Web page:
The Last Stand
Calico Jack’s crew fought its final fight in October of 1720, when their ship was attacked by an English sloop commissioned by the governor of Jamaica, presumably with the intent to control or eliminate piracy in the Caribbean. As the story goes, the men of the crew were far too drunk to fight off the English attackers. Mary Read and Anne Bonny, though, were sober and stubborn as ever, fighting fiercely to protect their ship and crew. They held off the English for as long as they could, but eventually the ship was overtaken and the crew arrested and swept away to Jamaica, where they were convicted of piracy and sentenced to death.
The piratesses, as we might expect, did not go down without a fight. As they were both pregnant at the time of their arrest, Read and Bonny “pleaded their bellies” and appealed to avoid the gallows at least until giving birth.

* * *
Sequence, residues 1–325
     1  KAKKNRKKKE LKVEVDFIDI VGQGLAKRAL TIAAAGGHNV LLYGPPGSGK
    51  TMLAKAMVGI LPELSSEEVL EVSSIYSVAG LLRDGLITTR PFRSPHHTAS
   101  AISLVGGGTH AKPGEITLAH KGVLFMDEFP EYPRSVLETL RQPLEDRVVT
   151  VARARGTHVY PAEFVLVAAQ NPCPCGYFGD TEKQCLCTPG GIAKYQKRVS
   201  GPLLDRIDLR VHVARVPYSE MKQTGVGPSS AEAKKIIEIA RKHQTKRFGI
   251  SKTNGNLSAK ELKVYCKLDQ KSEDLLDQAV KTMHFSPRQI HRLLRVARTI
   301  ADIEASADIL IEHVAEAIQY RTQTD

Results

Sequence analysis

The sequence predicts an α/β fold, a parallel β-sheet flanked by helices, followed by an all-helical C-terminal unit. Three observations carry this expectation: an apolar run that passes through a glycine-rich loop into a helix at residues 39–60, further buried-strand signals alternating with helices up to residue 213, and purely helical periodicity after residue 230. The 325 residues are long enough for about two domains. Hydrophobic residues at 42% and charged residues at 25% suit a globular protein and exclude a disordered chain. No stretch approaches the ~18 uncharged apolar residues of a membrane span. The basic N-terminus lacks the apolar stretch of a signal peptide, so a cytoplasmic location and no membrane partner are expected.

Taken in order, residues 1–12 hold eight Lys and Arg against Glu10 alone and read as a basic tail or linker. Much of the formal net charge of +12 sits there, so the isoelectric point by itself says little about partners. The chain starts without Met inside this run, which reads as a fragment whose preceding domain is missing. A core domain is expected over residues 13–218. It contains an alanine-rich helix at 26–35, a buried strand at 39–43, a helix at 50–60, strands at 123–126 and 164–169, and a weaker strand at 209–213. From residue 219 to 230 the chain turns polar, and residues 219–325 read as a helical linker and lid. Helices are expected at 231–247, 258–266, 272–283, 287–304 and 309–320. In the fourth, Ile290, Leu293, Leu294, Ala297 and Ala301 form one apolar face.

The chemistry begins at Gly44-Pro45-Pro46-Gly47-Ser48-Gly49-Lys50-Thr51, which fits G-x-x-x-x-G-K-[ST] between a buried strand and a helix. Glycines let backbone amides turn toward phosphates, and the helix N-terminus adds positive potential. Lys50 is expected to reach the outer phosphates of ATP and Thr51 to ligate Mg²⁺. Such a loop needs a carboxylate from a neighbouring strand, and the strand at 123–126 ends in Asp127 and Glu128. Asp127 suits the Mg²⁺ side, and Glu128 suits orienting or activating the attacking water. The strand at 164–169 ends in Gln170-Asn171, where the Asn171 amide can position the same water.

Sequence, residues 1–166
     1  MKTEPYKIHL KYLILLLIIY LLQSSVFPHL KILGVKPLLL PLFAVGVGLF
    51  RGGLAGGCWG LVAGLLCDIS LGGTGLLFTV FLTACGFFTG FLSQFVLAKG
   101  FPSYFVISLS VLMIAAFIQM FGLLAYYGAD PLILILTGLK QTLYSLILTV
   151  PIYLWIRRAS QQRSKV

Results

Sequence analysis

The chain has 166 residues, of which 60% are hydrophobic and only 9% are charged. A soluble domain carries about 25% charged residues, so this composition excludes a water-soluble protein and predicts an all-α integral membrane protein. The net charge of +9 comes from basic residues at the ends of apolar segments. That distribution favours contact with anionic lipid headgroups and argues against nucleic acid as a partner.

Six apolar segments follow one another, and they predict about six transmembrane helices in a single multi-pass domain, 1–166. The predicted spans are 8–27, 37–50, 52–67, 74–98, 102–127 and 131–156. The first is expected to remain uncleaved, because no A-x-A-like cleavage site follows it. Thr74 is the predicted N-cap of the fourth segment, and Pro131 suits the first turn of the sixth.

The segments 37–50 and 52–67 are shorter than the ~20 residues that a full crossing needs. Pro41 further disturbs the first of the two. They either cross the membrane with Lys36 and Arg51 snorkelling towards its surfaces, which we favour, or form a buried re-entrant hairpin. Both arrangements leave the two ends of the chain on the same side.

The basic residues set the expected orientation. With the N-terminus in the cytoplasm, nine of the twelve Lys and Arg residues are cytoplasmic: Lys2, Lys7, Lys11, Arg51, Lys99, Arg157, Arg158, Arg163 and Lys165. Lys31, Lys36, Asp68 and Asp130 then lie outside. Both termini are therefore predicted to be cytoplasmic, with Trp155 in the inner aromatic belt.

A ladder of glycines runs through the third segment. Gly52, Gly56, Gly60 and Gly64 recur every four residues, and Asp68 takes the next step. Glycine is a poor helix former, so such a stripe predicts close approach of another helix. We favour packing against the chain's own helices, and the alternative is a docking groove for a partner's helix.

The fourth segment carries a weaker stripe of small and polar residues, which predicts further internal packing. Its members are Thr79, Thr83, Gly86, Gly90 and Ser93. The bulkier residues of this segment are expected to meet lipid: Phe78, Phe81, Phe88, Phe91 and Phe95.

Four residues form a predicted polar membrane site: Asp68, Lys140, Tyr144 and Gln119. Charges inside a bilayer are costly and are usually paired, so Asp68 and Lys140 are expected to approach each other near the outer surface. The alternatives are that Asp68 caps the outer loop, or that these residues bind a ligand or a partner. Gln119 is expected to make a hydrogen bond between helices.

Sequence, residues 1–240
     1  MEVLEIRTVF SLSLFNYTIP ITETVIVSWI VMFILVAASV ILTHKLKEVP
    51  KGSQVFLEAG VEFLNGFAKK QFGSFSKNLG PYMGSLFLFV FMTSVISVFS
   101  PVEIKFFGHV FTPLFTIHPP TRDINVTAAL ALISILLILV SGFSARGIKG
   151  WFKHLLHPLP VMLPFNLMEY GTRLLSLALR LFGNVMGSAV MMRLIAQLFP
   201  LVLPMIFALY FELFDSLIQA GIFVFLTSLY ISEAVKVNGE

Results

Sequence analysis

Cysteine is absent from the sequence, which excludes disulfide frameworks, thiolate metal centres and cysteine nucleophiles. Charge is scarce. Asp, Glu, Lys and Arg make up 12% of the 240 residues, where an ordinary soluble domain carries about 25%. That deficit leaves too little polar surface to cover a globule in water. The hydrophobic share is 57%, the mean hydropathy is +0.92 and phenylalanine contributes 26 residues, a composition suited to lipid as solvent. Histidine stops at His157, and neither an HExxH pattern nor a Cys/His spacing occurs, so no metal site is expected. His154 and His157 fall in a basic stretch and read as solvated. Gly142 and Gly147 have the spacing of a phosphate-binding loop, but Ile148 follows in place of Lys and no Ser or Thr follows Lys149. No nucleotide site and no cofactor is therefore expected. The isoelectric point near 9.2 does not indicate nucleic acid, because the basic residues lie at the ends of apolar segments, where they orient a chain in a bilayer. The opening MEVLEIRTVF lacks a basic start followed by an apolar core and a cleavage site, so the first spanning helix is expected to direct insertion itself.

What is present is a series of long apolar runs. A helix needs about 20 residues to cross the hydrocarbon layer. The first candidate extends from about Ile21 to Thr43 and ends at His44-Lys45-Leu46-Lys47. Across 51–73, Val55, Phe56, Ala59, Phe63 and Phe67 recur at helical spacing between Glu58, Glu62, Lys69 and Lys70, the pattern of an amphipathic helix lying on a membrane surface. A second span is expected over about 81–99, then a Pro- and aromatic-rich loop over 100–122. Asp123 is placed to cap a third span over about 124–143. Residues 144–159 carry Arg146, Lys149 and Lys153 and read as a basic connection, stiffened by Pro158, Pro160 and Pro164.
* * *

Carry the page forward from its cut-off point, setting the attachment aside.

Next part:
Mary Read’s story ends tragically, as she died in prison in 1721, most likely during childbirth. Anne, however, gave birth in prison and was eventually released. No one, not even Captain Charles Johnson, knows what became of Anne after she got out of prison- all we know for certain is that she was not hanged for piracy. Some speculate that she returned to her first husband, James Bonny, while others believe she went back to the sea to resume her life of piracy under a new identity. Her famous last words to her lover and captain, Calico Jack, were: “If you had fought like a man you need not have been hang’d like a dog” (Johnson, 133).